The aesthete's heroes: Rocky Balboa, the American Dream and all who sail in her

The religious
The religious mode of life is presented in Fear and Trembling textbook of many an angsty-yet-surprisingly-intellectual teenager (Kierkegaard was, in fact, the first person to talk about existential angst, and I find that in many ways it is illuminating to think of him as the creator of teenage angst, although it's arguable that the intellectual content of angst has been declining ever since). Apparently Karl Barth said something along the lines of 'You should aways be suspicious of anyone who did not passionately admire Kierkegaard in their youth, and suspicious of anyone who still passionately admires Kierkegaard as they get older.'

Fear and Trembling
is basically all about the inability of the ethical to comprehend faith, and is horrendously complicated by confusion over the extent to which Kierkegaard actually believes the things he writes. It's basically a long meditation on Abraham's sacrifice of Isaac, and talks about the 'teleological suspension of the ethical': the possibility of committing unethical acts in view of a higher calling from God. The person of faith is isolated from others by his faith, unable to justify his actions to them. This is a tricky subject, one which we'll talk about more later, but for now, let's say this: faith is something which, in response to the call of God, takes a person outside of the realm of socially acceptable behaviour, outside of the limits of human reason. It requires a 'leap of faith' because it can't be done by human rationality.

The religious person's heroes: Søren Kierkegaard

You can see very clearly here some of Kierkegaard's pet themes: the impossibility of fitting Christianity into socially acceptable middle-class beliefs and behaviours (= 'why I am rude and a social misfit'), the failure of attempts to reduce faith to human reason (= 'why my lecturers are wrong', the isolation which comes from following God (= 'why I have no friends'), and the difficult choices which God requires of us (= 'why I dumped my girlfriend').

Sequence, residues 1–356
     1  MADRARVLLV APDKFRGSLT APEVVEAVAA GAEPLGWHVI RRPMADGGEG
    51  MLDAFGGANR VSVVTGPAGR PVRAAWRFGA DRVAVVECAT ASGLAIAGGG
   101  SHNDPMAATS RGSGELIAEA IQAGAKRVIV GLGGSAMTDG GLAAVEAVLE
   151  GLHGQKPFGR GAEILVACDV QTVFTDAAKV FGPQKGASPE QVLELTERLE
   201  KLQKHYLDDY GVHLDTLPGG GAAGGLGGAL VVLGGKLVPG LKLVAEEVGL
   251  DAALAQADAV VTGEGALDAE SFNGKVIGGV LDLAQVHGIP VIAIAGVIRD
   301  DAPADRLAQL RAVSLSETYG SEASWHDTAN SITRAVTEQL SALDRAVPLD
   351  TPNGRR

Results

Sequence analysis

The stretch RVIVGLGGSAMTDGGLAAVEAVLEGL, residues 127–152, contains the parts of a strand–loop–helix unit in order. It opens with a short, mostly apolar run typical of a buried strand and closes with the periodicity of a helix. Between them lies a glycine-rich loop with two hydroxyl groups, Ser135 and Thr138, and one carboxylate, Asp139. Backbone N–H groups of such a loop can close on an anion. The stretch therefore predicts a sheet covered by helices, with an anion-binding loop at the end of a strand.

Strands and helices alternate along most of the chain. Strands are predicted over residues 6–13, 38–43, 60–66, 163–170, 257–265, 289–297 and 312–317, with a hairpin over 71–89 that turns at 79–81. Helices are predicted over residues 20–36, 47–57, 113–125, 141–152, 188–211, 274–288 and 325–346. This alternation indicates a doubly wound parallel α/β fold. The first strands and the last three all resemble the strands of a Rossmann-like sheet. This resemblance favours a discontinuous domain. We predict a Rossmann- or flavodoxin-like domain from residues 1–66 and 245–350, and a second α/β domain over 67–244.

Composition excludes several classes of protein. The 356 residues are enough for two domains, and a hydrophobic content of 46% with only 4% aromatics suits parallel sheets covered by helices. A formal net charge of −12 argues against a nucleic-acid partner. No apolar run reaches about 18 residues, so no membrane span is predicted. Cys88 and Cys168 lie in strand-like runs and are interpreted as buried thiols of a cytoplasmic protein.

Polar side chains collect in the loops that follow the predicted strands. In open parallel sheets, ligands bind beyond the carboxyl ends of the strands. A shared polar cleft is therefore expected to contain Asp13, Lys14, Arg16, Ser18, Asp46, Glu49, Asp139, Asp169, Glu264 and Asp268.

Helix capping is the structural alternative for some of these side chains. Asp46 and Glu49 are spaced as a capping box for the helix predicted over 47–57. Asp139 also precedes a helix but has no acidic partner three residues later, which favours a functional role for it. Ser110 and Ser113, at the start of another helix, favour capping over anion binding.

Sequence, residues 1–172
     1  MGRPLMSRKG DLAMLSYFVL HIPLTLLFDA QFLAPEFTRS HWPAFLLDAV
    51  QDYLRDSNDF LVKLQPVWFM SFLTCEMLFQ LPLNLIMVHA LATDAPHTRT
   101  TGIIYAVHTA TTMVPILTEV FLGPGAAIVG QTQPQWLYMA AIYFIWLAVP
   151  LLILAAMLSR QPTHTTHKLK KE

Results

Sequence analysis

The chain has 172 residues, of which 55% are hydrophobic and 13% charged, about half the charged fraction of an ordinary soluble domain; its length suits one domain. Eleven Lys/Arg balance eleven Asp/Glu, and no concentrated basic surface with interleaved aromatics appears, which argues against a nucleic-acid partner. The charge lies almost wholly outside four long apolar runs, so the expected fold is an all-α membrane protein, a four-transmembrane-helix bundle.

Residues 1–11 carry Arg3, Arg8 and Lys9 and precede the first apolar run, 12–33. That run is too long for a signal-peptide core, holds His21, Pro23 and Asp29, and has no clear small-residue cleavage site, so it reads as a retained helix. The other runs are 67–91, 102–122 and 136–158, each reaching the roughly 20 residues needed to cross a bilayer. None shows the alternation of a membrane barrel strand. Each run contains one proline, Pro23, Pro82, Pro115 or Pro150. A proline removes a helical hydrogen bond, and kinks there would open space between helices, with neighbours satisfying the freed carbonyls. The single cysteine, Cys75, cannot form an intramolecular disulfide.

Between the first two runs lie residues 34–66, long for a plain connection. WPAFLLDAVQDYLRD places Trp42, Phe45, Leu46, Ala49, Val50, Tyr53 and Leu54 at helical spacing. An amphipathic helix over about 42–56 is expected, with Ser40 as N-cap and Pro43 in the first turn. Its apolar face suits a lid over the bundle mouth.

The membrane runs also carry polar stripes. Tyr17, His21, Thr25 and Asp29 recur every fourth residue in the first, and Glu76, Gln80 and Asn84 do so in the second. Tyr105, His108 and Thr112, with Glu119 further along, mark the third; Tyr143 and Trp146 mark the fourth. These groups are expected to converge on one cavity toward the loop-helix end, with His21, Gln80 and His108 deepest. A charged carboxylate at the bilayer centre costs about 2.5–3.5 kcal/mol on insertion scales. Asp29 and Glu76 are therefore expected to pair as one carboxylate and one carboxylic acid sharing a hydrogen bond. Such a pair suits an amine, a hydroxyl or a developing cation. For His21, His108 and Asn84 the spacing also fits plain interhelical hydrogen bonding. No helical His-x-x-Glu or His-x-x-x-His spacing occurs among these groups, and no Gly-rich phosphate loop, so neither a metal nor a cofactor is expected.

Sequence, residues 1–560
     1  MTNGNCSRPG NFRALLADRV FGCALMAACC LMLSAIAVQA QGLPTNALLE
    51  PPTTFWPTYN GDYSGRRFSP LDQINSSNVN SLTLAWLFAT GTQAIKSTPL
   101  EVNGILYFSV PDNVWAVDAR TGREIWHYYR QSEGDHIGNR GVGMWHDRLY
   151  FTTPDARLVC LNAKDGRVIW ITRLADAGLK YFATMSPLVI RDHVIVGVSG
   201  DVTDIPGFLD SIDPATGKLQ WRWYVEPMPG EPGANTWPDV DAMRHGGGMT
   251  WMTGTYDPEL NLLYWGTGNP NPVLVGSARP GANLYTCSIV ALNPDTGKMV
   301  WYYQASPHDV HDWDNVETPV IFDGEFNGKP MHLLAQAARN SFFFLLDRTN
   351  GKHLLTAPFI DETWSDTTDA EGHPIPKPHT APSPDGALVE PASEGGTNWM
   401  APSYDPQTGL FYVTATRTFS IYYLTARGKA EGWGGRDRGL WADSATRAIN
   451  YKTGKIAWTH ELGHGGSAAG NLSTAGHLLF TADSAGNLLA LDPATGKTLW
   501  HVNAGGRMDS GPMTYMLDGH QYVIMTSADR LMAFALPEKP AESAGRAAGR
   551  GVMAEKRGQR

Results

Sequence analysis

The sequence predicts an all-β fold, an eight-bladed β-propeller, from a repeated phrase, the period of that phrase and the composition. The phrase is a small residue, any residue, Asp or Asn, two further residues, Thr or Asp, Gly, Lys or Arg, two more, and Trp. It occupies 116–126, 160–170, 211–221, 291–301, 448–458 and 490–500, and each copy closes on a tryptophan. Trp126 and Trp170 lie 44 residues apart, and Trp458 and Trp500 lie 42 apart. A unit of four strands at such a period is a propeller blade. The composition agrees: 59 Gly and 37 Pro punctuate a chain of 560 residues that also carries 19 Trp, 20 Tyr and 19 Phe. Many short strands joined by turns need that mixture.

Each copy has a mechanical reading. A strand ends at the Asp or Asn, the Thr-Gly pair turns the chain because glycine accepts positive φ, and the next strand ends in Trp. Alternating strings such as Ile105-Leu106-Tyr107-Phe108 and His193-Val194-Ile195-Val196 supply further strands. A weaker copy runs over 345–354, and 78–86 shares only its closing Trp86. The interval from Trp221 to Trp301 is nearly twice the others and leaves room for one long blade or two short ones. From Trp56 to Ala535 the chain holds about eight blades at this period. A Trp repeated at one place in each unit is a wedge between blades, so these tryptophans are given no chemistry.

One final confession. While you've probably worked out by now that I think Kierkegaard can be a bit petty and adolescent, I should admit I am firmly in the camp of people who were passionate about him as teenagers and then grew out of him a bit, so my cynicism is at least as much about my teenage self as it is about poor old Søren, who says some really good, true, important and insightful things. As, for all their faults, do many angsty teenagers.


Andrew said...

Kierkegaard is a symbol for me of an enduring question, which concerns the relationship between authentic theological understanding and authentic Christian lifestyle. Clearly there's natural revelation, and non-Christians can understand many features of God's world. (The issue gets more interesting when the human psyche is brought in as such a feature.)

But on the other side, should a Christian theologian's lifestyle make one wary of accepting anything from them that we didn't already know ourselves? Kierkegaard represents this for me because he seems to have some great ideas (although I have to say, Marika, I'm not sure you've painted him in a very favourable light from that regard), but his life, while sincere, was miserable and rather lacking in the fruit of the spirit.

As Athanasius wrote (quoted in Tozer's Divine Conquest): 'But for the searching of the Scriptures and true knowledge of them, an honorable [sic] life is needed...so that the intellect guiding its path by it, may be able to attain what it desires, and to comprehend it, in so far as it is accessible to human nature to learn concerning the word of God.'